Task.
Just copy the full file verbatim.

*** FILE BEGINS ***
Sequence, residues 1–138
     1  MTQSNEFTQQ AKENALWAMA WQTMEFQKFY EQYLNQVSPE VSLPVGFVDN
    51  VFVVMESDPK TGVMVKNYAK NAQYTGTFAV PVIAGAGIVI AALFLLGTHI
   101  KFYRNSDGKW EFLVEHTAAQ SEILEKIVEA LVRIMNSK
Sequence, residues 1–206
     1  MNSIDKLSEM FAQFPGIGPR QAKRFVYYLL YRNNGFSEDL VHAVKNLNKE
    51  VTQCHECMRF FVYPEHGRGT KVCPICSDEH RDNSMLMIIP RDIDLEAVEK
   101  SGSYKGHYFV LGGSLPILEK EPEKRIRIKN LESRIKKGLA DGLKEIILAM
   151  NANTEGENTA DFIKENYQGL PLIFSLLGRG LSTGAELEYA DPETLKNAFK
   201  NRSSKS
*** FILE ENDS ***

Sequence, residues 1–138
     1  MTQSNEFTQQ AKENALWAMA WQTMEFQKFY EQYLNQVSPE VSLPVGFVDN
    51  VFVVMESDPK TGVMVKNYAK NAQYTGTFAV PVIAGAGIVI AALFLLGTHI
   101  KFYRNSDGKW EFLVEHTAAQ SEILEKIVEA LVRIMNSK
Sequence, residues 1–206
     1  MNSIDKLSEM FAQFPGIGPR QAKRFVYYLL YRNNGFSEDL VHAVKNLNKE
    51  VTQCHECMRF FVYPEHGRGT KVCPICSDEH RDNSMLMIIP RDIDLEAVEK
   101  SGSYKGHYFV LGGSLPILEK EPEKRIRIKN LESRIKKGLA DGLKEIILAM
   151  NANTEGENTA DFIKENYQGL PLIFSLLGRG LSTGAELEYA DPETLKNAFK
   201  NRSSKS